One Sunday morning, Shaniece Langley heard the screen door open and was on instant alert. Her 3-year-old son, Robert, had been slipping outside nearly every day. Their ranch house was just off a highway in Hobbs, N.M., an oil town. Her husband, a pipe fitter, was on call, his comings and goings unpredictable. Langley shouted to her kids, heard back from her 4-year-old daughter, and took off. She found her son clutching his football at the end of the driveway. “I freaked out,” she recalls. “‘Robert,’ I said, ‘you can’t do that. Momma didn’t know what was going to happen.’”
As Langley ends her story, there are murmurs of consolation from a dozen other women seated around a table set up in a preschool gym. They are midway through a pioneering parenting course being beta-tested for families of Head Start, the iconic free preschool program. Many are single mothers. A majority live at or near the poverty line in a town at the epicenter of a precarious industry. The mothers here are deeply familiar with what it is like to spend their lives, as Langley puts it, “figuring out how we’re going to do it from one day to the next” while wanting something far more.
In this weekly class, parents often meet from morning into the afternoon, singing what Langston Hughes called the “weary blues.” They swap tales of young men dying violently, days too hectic to give a child a hug, and tinges of fear when a strange car lingers on the street. Mornings for Langley typically have meant waking up late, rushing her children along, forgotten homework, lost tempers. By evening, she often would count the minutes until her kids’ bedtime.
And yet there is grace in this room. The women are lauded for what they do well even as they are offered a way to move beyond lives of hurry and near misses. They are learning to augment their own remarkable survival skills with the moments of reflection that can help them get ahead of life’s precarity and even tame it too. In a few years, iterations of the class will be rolled out to tens of thousands of families across the country. But the teachings here hold lessons for us all.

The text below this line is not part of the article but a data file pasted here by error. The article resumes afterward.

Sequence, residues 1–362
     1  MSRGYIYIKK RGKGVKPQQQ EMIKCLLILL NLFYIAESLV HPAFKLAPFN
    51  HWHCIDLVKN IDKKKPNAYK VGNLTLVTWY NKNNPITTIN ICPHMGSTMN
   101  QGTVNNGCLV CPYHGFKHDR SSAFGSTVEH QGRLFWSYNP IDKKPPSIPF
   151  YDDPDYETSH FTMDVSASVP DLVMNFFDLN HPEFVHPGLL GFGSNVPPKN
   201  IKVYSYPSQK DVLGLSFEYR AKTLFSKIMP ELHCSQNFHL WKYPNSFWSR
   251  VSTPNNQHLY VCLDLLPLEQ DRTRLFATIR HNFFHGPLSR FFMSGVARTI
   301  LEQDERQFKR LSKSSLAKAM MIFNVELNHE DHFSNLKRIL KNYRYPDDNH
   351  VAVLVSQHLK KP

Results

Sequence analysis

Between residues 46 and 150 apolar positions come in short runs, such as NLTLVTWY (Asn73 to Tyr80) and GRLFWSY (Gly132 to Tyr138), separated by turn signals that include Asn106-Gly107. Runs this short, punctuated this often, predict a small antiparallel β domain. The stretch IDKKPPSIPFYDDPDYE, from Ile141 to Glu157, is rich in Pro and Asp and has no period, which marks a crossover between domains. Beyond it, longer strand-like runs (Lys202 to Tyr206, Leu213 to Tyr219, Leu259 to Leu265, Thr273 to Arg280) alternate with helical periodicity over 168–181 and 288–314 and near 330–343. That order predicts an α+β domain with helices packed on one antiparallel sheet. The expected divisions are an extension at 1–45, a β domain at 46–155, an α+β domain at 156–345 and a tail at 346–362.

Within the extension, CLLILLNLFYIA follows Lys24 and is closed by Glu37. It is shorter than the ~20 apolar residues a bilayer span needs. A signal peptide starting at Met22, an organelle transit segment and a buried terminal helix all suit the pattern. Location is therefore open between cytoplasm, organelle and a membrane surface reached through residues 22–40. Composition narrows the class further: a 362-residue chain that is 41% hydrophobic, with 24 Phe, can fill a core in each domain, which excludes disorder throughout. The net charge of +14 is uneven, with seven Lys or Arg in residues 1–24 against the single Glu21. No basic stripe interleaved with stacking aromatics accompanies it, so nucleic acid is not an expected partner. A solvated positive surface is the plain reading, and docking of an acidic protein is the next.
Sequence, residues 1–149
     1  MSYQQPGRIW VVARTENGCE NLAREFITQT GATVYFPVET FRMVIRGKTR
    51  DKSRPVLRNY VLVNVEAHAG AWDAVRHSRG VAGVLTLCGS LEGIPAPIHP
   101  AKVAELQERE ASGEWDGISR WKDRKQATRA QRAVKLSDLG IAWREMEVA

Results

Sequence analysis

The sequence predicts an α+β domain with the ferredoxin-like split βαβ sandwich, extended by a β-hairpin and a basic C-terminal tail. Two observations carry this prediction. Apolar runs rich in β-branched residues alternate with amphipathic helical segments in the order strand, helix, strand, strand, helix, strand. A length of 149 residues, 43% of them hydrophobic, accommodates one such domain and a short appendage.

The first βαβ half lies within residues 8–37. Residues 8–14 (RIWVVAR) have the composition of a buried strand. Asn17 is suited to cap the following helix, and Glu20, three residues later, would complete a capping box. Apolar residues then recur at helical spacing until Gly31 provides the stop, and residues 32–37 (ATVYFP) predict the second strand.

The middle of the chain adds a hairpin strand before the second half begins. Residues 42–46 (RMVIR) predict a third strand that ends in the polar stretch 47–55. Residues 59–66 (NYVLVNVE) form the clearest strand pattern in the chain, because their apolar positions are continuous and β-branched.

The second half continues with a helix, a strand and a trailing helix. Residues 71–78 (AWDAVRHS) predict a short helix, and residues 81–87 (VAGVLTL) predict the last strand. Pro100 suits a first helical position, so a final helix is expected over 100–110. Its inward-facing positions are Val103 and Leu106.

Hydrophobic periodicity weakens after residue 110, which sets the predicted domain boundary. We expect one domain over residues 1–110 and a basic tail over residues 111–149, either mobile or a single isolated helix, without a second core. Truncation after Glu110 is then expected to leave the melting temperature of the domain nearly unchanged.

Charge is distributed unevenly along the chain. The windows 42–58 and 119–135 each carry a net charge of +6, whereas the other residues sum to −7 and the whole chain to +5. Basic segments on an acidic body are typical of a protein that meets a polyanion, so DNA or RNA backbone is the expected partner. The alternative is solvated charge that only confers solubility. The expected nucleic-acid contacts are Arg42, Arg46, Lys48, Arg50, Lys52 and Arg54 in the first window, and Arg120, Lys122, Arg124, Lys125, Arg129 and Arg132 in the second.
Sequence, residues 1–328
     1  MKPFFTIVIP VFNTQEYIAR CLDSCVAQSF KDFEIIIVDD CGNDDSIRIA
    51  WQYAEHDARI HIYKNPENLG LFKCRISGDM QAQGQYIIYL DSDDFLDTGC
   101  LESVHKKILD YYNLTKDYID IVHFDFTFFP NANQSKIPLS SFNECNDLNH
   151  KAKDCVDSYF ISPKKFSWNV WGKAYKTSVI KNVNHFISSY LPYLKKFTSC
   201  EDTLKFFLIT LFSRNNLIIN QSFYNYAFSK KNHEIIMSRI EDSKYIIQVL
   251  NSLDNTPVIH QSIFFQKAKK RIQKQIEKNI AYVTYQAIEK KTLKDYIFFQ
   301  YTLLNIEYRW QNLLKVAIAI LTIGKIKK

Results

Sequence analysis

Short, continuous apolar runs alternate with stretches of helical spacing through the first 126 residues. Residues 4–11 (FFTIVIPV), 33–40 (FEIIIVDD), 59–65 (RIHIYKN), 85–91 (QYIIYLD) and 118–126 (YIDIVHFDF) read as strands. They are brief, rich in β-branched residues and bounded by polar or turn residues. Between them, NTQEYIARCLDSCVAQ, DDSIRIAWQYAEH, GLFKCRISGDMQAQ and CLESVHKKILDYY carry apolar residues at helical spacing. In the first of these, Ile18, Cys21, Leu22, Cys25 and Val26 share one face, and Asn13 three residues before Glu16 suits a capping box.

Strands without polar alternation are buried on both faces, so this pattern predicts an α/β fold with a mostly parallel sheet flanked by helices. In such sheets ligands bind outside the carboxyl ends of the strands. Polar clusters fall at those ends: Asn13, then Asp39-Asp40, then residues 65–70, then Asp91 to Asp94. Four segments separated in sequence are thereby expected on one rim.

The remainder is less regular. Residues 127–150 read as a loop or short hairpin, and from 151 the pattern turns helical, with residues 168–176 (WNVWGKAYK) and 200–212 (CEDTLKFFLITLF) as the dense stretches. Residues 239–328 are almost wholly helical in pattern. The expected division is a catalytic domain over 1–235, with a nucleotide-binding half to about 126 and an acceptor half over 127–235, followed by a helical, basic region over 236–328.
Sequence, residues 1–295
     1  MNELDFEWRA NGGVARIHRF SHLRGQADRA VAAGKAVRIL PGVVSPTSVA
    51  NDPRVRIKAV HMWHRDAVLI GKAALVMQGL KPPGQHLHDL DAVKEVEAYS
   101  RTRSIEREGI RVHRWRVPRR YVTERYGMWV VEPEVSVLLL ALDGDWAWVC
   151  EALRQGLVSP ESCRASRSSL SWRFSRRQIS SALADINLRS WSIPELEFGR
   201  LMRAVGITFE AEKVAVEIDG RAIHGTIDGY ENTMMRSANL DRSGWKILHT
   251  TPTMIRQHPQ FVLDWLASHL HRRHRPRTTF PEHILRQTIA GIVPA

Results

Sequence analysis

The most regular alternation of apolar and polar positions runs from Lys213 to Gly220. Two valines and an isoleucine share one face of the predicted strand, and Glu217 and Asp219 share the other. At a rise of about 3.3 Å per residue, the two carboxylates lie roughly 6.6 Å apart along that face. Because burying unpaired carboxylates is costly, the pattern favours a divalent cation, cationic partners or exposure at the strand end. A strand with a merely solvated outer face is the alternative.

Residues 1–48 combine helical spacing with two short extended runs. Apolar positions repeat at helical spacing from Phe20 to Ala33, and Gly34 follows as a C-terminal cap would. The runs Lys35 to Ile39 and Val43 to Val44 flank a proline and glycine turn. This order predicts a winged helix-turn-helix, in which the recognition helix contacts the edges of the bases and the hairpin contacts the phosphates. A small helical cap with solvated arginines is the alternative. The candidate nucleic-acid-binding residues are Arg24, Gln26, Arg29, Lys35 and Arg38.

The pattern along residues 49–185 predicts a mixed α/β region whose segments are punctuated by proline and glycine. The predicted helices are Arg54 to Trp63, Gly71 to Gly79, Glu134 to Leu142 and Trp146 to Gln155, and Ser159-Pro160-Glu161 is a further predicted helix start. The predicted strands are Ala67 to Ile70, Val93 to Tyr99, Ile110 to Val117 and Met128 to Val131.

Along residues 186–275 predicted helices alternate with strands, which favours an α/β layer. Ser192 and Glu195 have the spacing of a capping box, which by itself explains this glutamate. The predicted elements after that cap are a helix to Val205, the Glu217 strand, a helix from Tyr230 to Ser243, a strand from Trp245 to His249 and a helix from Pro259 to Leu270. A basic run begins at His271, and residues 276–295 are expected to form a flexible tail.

Today, volatility is rising in work hours, geopolitics, the climate, and other realms. How can we flourish in an era of flux and teach our children to do so? In Hobbs, I am witnessing a new resilience marked by wary vigilance, dynamic learning, and insightful deliberation. The class moves on, the stories flow, and the preschool staff and the mothers of Hobbs together explore a timely revelation: “When things don’t go as planned,” one teacher says, “you get a chance to learn something new.”
For decades, scientists have tried to uncover how poverty affects the young. Do lower-income parents speak less to their children, for example, and does this matter? Determining how early challenges shape cognitive outcomes is a complex puzzle. But as scientists began to focus on systemic factors, not just family structure or neglect, a missing link emerged: unpredictability. Lower-income families tend to move more, largely involuntarily. Shifting work hours disrupt home routines. Precarity turns out to be a crucial, overlooked influence on the young.
Kids with unpredictable caregivers at age 1 later tend to rush into things and get frustrated by failure. More often than children raised with order, 5-year-olds whose households were unstable when they were 2 cannot resist peeking at a gift being wrapped for them despite being told not to look. Precarious lives can inhibit language development or focus. Often, it seems to tip the young toward reactivity. And in an unreliable world, this can be wise. When the future is not assured, impulsivity can be a form of agility. “For a child accustomed to stolen possessions and broken promises, the only guaranteed treats are the ones you already have swallowed,” observes researcher Celeste Kidd.
Complicating the association between poverty and cognitive deficits, new research is revealing “hidden talents” that emerge in times of flux. Youths raised in upheaval, for example, often detect subtle changes in threatening situations. In one study, Black teen boys in Chicago who were most hyper-alert over the course of a year witnessed the least violence. Such “survival strategies” should be respected, not undermined, asserts lead researcher Noni Gaylord-Harden.